New research: Opera in cinemas does not draw audiences to live performance

A fairly small sample polled by English Touring Opera and the Guildhall School of Music & Drama indicates that people who go to opera in their local multiplex are no more likely than before to buy tickets to the opera house.

Only 234 people were asked, so the sample may be written off as statistically insignificant in global – that is, Met – terms. But 85 percent of those who responded said after seeing the movie that they felt no greater urge to visit live opera. Click here for details.

So what has been gained by the main plank of Peter Gelb’s Met strategy?

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  • There is no live opera close to where I live, so I attend all the HD performances. The price is a fraction of what it would cost at the Met and the beauty of it is, that my friends in Michigan, London and Budapest are watching with me.

  • A poll of just 234 attendees in one city is surely far too small on which to base any findings. Yet one fact must surely be worrying as it ties in with comments on other threads here – that 81% of those polled were over 60!

  • What’s been gained for the Met? I wonder how much a cinema takes per ticket for any Met Live screening. Plus, 15% who didn’t say ‘no’ might have said ‘yes’ which = one or two more respondents at least who’d consider going to a live performance. These small ‘victories’ accumulated could lead to winning more audience for the art form.

  • Yes I am over 60, and no, attending Live in HD performances has not made me any more likely to visit live opera – a trip to the Met in New York would be wonderful, but living, as I do, in Scotland, it’s beyond my means. But my life has been made the richer by being able to see all the Live in HD performances at a price that I can afford, and in addition we in cinemas get the lively and absorbing behind-the-scenes glimpses and interviews with the Singers. Peter Gelb should be proud of the public service his company is providing by making these treasures available to people of all classes and income groups all over the world – this is an achievement in itself, and is of incomparable benefit.

    But I do agree that there is a need for opera to come to the attention of younger people. If that is an explicit aim of the Live in HD programme, maybe there should be special recorded showings for young people, earlier in the evening, at reduced rates. At our local cinema the audience for the operas is easily distinguished from that for other movies by the greyer hair and the number of beige raincoats and tweed jackets on show. But it IS a problem, and since up to now opera has always been seen as elitist, maybe making it available to a wider audience may eventually yield ‘trickle down’ results. I do hope so.

    My own introduction to opera as a child, though, was taking part in performances of children’s operas by Benjamin Britten – there’s nothing like the thrill of taking part to foster a lifelong interest in this all-encompassing musical experience. If the Met is really committed to encouraging younger people to learn to love opera, maybe they should be sponsoring children’s opera workshops, summer schools and camps, and should be commissioning new works written especially for children. Who knows, this might even encourage parents and grandparents to widen their tastes and venture into new listening experiences as well as continuing to love the classic repertoire.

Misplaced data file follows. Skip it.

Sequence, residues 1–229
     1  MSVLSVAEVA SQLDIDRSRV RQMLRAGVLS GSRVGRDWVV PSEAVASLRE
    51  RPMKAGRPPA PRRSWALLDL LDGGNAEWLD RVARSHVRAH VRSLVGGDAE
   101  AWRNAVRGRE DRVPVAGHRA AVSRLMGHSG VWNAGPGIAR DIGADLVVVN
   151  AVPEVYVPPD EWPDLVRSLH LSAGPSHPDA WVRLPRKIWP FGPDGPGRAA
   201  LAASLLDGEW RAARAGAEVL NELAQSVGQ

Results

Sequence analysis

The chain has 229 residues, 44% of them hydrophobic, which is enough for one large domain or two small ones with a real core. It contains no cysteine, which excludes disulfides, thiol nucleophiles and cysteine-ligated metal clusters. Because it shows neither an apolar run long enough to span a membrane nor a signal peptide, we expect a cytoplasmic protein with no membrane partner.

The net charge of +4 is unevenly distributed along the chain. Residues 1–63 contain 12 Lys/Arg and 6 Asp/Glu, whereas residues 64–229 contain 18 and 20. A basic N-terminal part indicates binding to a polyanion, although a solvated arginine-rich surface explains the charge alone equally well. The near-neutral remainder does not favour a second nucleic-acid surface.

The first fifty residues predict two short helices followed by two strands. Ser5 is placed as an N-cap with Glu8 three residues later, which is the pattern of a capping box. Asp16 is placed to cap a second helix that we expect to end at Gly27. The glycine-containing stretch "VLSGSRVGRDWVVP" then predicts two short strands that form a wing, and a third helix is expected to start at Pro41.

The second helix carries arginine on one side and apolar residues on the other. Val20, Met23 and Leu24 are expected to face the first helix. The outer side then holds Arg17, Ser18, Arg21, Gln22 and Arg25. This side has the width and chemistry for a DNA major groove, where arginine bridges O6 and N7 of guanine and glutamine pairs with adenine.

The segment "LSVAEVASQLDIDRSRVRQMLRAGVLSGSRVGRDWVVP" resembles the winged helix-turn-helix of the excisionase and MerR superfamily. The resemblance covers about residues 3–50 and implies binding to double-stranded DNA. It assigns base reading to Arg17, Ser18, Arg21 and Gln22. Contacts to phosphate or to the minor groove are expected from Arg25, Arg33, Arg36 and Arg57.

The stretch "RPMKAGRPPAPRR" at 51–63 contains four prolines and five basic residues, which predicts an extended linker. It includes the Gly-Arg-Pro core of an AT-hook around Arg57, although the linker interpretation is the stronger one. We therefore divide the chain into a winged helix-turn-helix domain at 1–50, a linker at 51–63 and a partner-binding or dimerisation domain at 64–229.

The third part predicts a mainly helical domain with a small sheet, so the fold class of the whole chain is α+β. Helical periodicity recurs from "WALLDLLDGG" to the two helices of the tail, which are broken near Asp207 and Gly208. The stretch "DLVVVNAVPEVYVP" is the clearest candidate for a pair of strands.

• Alison, a visit to the Met here in New York may not be feasible for you, but haven’t you any interest in seeing a live performance by Scottish Opera?

  • Maybe Mr Gelb’s legacy is that he brought an operatic experience to millions through the HD broadcasts. The broadcasts are excellent value and very well done and clearly popular. Live opera is not available in many areas and these broadcasts have filled a demand. For Peter Gelb, not such a bad legacy.

  • This should really come as little surprise. For years, orchestras in the U.S. packed audiences into increasing numbers of “pops” concerts, in expectation of those same folk showing up for the “real deal.” At least in my little corner of the country, it’s never happened.

    • This is a false “analogy”. Playing one kind of music in hopes of attracting audiences to another kind is obviously a highly questionable strategy. But the HD broadcasts show the same kind of operas that are being performed in opera theaters – so it makes good sense.

  • Surely the point is cinema screenings of opera do attract full houses. Certainly at my local Odeon in Kent this is the case. So its up to opera houses to capitalise on this. Perhaps by making seat prices more accessible would be a start

  • It sounds rather like the question was badly posed. Clearly many people go to the cinecasts of opera because they are not able or willing for financial or geographical reasons to go to live opera. Presumably they indeed would still be as unlikely to go to live opera after viewing it at the cinema, but that doesn’t mean they would be equally unlikely if their financial or geographical situation changed…

  • It’s an odd question for most respondents. Many will go to opera screenings because going to the “real thing” is impractical or unaffordable – not so much the tickets but maybe the travel, hotels, time and so on. Screenings increase the audience for opera overall – it’s not as if screenings have led to empty opera houses instead – and this we would surely agree is a good thing. Isn’t the point to bring top-quality opera to more people in an affordable and accessible manner? And that’s what these screenings do.

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